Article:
The Supreme Court of Queensland recently clarified the legal liability of principal contractors to employees of sub-contractors where the injuries sustained were caused by an unsafe method of work.
On 23 April 2007, Mr McKenzie was de-grassing a field at the request of Mr Klenowski, a director of Mistranch Pty Ltd (Mistranch) and Dreamtea Pty Ltd (Dreamtea), when he drove over the edge of a steep embankment, overturned his vehicle and suffered severe head injuries. It was common ground that the edge of the embankment was not visible, due to the overgrowth of the grass.
McKenzie was employed by Vella’s Plant Hire Pty Ltd (Vella’s) as a dozer driver. Vella’s was engaged by Mistranch to clear two adjacent parcels of land to enable surveyors to carry out work preparatory to the subdivision of the land. Klenowski acted as an agent of Mistranch. Vella’s submitted that he also acted as an agent of Dreamtea, which owned one of the parcels of land. Dreamtea had engaged Mistranch to arrange the de-grassing. The Court did not make any determinations regarding the alleged agency, but noted that the incident did not occur on Dreamtea’s land and that Dreamtea had not been joined to the claim as an occupier of the site.
Klenowski‘s involvement in the work was limited to the placing of pink tape in certain locations around the field to mark infrastructure sites and the boundaries of the land. He maintained that his only role was to ensure that the grass was not pushed into areas where it was not wanted. Klenowski had placed pink tape on a fence near the embankment shortly before the incident. McKenzie testified that Klenowski instructed him to clear the grass up to the pink tape. Vella’s alleged that Klenowski placed the pink tape so as to lead McKenzie to believe it was safe for him to push grass on to the areas in which he got into difficulties.
Vella’s knew of the steep embankment and had advised McKenzie of its existence, but had not taken any further preventative action in relation to the risk it posed.
The plaintiff commenced proceedings against Vella’s pursuant to the Workers’ Compensation and Rehabilitation Act 2003 (Qld) (WCRA) and against Mistranch. Vella’s sought contribution from the Mistranch, Klenowski and Dreamtea (the latter two added as third parties to the claim) under the joint tortfeasors provisions of the Law Reform Act 1995 (Qld). Vella’s settled McKenzie’s claim, but persisted to trial with its claim for contribution.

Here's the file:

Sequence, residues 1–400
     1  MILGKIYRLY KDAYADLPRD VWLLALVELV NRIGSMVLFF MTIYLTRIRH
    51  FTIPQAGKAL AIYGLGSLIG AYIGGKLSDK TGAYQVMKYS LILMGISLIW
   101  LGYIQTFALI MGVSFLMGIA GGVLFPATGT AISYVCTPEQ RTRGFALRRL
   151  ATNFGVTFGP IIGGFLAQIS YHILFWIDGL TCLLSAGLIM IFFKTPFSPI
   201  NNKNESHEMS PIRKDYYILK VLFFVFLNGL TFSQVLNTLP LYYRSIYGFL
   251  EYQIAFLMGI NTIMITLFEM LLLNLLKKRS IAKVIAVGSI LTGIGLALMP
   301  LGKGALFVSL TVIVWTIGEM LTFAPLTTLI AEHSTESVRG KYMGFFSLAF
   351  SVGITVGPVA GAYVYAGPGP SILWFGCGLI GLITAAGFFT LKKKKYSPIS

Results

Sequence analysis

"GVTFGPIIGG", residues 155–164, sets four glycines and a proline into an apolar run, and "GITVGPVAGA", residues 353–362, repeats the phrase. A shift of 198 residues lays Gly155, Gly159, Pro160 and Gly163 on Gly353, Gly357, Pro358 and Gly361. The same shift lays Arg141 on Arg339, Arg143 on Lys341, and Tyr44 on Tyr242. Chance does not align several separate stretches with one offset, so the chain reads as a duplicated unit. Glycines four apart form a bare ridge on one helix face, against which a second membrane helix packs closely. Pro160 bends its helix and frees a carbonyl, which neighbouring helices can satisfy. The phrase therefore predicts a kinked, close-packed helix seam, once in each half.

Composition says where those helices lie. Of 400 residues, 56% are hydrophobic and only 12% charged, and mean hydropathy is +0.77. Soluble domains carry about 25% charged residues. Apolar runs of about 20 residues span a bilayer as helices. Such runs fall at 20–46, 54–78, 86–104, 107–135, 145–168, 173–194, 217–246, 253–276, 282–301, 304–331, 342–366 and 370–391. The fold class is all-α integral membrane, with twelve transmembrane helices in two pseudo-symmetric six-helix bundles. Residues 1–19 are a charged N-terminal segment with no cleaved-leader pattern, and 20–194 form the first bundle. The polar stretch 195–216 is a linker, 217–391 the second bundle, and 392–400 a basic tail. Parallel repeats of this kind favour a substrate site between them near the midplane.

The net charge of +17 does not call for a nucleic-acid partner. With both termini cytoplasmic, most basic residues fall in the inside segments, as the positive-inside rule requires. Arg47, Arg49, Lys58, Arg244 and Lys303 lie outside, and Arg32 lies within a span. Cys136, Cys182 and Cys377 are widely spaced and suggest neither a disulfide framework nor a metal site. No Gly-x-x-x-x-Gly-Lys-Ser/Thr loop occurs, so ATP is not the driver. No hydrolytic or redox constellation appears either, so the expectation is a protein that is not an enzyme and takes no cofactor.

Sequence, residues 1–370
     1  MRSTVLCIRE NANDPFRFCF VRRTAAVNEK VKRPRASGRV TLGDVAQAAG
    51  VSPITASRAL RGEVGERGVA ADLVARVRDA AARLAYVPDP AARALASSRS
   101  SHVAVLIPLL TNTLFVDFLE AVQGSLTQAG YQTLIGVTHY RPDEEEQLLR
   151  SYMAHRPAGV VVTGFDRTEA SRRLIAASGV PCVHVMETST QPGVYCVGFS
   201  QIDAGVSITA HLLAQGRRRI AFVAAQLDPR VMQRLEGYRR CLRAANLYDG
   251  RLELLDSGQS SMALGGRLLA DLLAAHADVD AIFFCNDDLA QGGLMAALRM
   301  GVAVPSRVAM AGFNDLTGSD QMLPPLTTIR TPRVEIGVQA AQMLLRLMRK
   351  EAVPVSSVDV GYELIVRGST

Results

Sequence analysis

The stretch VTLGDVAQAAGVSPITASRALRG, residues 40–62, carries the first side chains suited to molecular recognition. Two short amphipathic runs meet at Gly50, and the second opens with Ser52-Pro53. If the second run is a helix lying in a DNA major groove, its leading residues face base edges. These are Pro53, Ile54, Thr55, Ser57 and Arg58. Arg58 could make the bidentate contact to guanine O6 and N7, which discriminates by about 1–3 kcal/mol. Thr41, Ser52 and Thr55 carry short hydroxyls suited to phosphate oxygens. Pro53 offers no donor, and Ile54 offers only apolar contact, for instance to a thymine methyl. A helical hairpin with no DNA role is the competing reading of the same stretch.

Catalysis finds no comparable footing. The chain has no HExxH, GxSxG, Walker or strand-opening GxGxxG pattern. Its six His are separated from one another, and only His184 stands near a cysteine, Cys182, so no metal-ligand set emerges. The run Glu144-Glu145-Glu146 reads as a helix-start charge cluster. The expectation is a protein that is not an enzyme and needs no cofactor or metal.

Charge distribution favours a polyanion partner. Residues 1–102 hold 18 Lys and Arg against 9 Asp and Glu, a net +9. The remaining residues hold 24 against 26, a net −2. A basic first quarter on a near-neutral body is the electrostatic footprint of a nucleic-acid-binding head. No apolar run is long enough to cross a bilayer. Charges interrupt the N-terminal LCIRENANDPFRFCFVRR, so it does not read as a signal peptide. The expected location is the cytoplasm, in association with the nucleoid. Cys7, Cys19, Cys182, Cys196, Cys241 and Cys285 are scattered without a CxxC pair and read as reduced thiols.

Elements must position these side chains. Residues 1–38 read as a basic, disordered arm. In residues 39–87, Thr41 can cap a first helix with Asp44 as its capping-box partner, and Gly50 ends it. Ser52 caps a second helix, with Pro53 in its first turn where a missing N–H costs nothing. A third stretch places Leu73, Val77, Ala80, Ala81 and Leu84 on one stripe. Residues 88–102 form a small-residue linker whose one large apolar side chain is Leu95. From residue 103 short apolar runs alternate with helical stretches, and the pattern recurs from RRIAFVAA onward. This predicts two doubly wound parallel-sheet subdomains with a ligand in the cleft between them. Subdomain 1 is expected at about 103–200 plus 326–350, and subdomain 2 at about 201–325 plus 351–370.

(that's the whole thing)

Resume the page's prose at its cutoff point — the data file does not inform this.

The essence of Vella’s case was that Mistranch and Dreamtea, through their agent Klenowski, had assumed responsibility for the work method of McKenzie and therefore owed him a duty of care to ensure that the work method was safe. Klenowski’s case was that he engaged competent contractors to do the task and left it to them to proceed as they saw fit.
The Court dismissed Vella’s claim for contribution.
In finding against Vella’s, the Court noted that while the common law does not impose a duty of care on principals of the kind which independent contractors engaged by them owe to their employees, a principal with sufficient power to control and direct its independent contractors may come under a duty to use reasonable care to ensure that a system of work is safe. The totality of the circumstances must be considered in determining whether the principal owes a duty of care, in particular, the extent of the power to direct or control the independent contractor, any reliance on the principal and the vulnerability of the independent contractor.
Mistranch had engaged Vella’s to undertake the land clearing work because it possessed specialised knowledge and expertise in dozer operations. The Court found that McKenzie, as a competent dozer driver, was the party best placed to assess the hazard of the embankment because of his knowledge of the dozer machine and its operational limitations. Mistranch, Klenowski and Dreamtea could not be expected to have any more knowledge than Vella’s and McKenzie about the risk of the embankment. Additionally, while Klenowski requested that work be done in a certain way, he did not seek to direct the performance of the manner of the work. Importantly, McKenzie never asserted that Klenowski had taken on the task of identifying for him the safe edge of the embankment, nor did he assert that Klenowski misled him in relation to the position of the embankment. The Court held that in the circumstances, Mistranch, Klenowski and Dreamtea did not direct or control McKenzie, and McKenzie’s own expertise excluded any argument of vulnerability or reliance.
The decision clarifies the circumstances in which a principal will be found liable to employees of its independent contractors.
Where the principal engages competent independent contractors to undertake work, then unless the principal has specialised knowledge of a particular risk or the power to direct or control the employee, the Court will be reluctant to impose a duty of care.
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